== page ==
Intersex, transgender and gender diversity – a guide

Ms Moira Turnbull1

1ANU Counselling Centre, Acton, Australia

It is well documented that the mental health, wellbeing and physical health of transgender and gender diverse people is significantly worse than that of the general population. Notably, research indicates that these outcomes are not inherent to being transgender or gender diverse. They are instead related to stigma, discrimination, social exclusion, rejection by family and friends, as well as difficulty accessing appropriate supports and medical treatments.

Similarly for intersex people – who are mostly born into health bodies – many of their physical and mental health problems are caused by the effects of ‘normalising’ interventions. These include infant and childhood surgeries, other ‘normalising’ treatments, lack of transparency from health care providers and lack of counselling support.

Research also identifies that the intersex, transgender and gender diverse community is highly resilient and actively engaged in improving the wellbeing of its members.

In line with the Australian National University (ANU) values of being an inclusive, open and respectful institution that reflects the diversity of our nation, the ANU Counselling Centre developed a basic guide for ANU on intersex, transgender and gender diversity (ITGD). The guide is informed by the lived experiences of ITGD students and will be used to increase awareness and support for them across the ANU community. It recognises the resilience and determination of ITGD students and their community.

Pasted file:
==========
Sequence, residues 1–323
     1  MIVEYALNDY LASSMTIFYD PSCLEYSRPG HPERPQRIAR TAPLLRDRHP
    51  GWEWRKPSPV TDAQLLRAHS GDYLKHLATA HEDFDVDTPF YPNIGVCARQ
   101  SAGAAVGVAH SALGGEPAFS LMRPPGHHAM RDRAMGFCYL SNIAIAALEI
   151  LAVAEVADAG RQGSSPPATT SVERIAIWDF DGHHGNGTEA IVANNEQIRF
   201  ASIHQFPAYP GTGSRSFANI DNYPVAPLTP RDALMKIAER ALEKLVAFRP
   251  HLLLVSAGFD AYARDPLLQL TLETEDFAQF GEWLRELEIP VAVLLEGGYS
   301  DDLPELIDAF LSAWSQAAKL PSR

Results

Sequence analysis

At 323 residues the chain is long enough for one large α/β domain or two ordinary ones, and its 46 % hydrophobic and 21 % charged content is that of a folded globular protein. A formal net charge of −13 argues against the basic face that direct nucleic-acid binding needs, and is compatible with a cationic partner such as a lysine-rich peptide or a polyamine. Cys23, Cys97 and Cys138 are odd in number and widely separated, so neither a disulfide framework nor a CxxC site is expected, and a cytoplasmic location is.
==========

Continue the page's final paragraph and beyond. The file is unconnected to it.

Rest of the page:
Students participated via an online survey which asked two main questions related to their needs and/or experiences at university:

  1. What do you most want others to know about intersex, transgender and gender diversity?
  2. What do you most want others to do/provide for intersex, transgender and gender diverse students?

Participants were also asked about services and supports they would recommend as sources of referral.

Student responses were organised in the guide around three affirmative practices⁶ of Awareness, Respect and Support.


Biography:

Moira has extensive experience working in clinical and management roles in government and non-government services. Her work is supported by a social justice framework.

ANZSSA

The Australian and New Zealand Student Services Association Inc. (ANZSSA) is a professional association for people with an interest in the role of support services in post secondary education.

For more information, please visit ANZSSA website by anzssa.com.

ISANA

ISANA International Education Association is the representative body for professionals in Australia and New Zealand who work in international student services, advocacy, teaching and policy development in international education.

For more information, please visit the ISANA website at www.isana.org.au.

Conference Managers

Please contact the team at Conference Design with any questions regarding the conference.